The ultimate goal, Ryan said, is to deliver the charm and hideaway nature of the space, and, at the same time, create a destination. "It's a place we want people to discover," she said. And in an environment of gentrification that’s taking root in so many cities, Ryan added, the alley-level space will offer a relatively low-cost entry to up-and-coming retailers.
Ditching the 'ugly' for the practical and beautiful
For Thomas N. O’Brien, founding partner and managing director of HYM Investment Group in Boston, the $1.3 billion-$1.5 billion Bulfinch Crossing development, which should begin construction in the first quarter of next year, will finally get rid of "one of the ugliest garages you’ve ever seen" and reconnect some areas of the city with the historic Bulfinch Triangle Historic District.
The parking garage, part of the city's government center but sold by the city years ago to raise cash, sits as a looming reminder of mid-20th century fascination with brutalist architecture, O’Brien said, and it was designed when the goal of urban planning was to make it easier for people to drive in from the suburbs, not to make the city a convenient place to live.
That would also explain the 1950s-era elevated highway that cut off much of downtown from the waterfront, a design mistake remedied by the decades-long "Big Dig" project that was completed in 2007. Through that process, which gave the city back 27 acres of public space, developers and planners learned that people like living in cities, but they want a little greenery to go along with it, according to O'Brien. "This (Bulfinch Crossing) project is unfinished business," he said. From an adaptive use perspective, "Throwing something away is not the best solution if there's a way to use what already has been created."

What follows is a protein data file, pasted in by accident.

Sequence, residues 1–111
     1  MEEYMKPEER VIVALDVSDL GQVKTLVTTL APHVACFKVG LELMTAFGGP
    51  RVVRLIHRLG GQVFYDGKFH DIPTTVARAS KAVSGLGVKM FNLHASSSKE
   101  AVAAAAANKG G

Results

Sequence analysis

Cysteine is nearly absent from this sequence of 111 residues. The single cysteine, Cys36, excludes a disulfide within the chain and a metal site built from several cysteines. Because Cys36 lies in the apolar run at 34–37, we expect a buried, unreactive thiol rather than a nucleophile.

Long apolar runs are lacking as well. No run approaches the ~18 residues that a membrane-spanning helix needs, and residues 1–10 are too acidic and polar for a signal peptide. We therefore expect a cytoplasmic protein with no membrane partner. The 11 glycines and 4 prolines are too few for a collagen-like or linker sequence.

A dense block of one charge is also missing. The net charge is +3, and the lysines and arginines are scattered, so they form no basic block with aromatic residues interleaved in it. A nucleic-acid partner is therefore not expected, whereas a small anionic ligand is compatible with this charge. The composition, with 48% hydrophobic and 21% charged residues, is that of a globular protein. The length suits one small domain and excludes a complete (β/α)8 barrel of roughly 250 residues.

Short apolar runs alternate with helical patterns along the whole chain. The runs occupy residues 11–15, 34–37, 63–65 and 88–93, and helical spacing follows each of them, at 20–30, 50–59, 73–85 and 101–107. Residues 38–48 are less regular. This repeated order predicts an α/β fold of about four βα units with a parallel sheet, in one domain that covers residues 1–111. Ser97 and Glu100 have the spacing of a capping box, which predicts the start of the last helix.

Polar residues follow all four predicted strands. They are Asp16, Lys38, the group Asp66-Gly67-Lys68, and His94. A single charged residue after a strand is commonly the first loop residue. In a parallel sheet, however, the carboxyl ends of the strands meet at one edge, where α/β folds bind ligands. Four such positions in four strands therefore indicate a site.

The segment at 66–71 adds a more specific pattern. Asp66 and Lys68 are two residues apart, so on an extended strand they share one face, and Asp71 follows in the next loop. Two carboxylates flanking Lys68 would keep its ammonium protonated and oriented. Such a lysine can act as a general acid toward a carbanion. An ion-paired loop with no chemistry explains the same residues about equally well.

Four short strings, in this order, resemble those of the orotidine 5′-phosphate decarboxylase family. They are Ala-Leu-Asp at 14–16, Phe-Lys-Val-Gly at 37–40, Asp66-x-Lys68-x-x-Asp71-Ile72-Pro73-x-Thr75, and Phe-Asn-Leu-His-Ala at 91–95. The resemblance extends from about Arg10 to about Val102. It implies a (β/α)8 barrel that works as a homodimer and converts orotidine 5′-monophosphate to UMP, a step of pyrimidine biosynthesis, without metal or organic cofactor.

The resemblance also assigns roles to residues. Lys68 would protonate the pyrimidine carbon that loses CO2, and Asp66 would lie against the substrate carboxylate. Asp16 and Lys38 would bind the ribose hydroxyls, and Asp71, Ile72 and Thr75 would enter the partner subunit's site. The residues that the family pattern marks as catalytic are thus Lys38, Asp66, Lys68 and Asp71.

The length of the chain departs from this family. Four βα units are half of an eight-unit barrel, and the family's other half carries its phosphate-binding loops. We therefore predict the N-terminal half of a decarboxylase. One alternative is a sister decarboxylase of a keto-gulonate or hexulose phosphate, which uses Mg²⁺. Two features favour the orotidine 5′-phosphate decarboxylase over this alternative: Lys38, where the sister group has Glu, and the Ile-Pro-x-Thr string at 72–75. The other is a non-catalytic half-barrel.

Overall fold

The parking garage, where demolition is underway, currently serves more than 1,000 vehicles each day. Overall, the reduction in parking that will happen during redevelopment is not significant, but closures during construction are sure to result in some frustration and pushback from commuters.
When the decade-long project is complete, the remaining portion of the garage will be hidden from sight but remaining in view will be six new buildings, two of them glass towers and the focal points of the mixed-use, residential and commercial development. The total impact involves nearly 2.3 million square feet of new space and the retention of another 600,000 square feet, bringing total development size to almost 3 million square feet.
Saving city sites from ruin
While many cities have acted as de facto stewards of down-and-out public spaces until the right idea for redevelopment comes along, it’s sometimes necessary to save the abandoned assets or structures from cities determined to get rid of them.
This is the case of Denver’s Larimer Square. The city, according to Patricia Mueller, architect and director of project management at Larimer Associates, was planning to demolish the city’s oldest block in the 1960s when the private sector came in, purchased the buildings and began developing the site into today’s popular historic district.
Since then, Mueller said the entire development has been one adaptive reuse project after another. "It’s an ever-evolution," she said. The upkeep, maintenance and constant development is similar to city planning, albeit a scaled-down version.
Almost all of the district's 21 buildings, she said, were constructed in the 1860s, so being able to restore and present those to the public — particularly because they were so close to the wrecking ball — is very satisfying for Mueller. "People wander through and want to know about the history," she said.
There are still remnants of the past scattered throughout the buildings like old phone books, but all of this just adds to the quality of being able to live and work in a place with a sense of history, Mueller said. "The stories make it a special part of the whole fabric of the place," she said.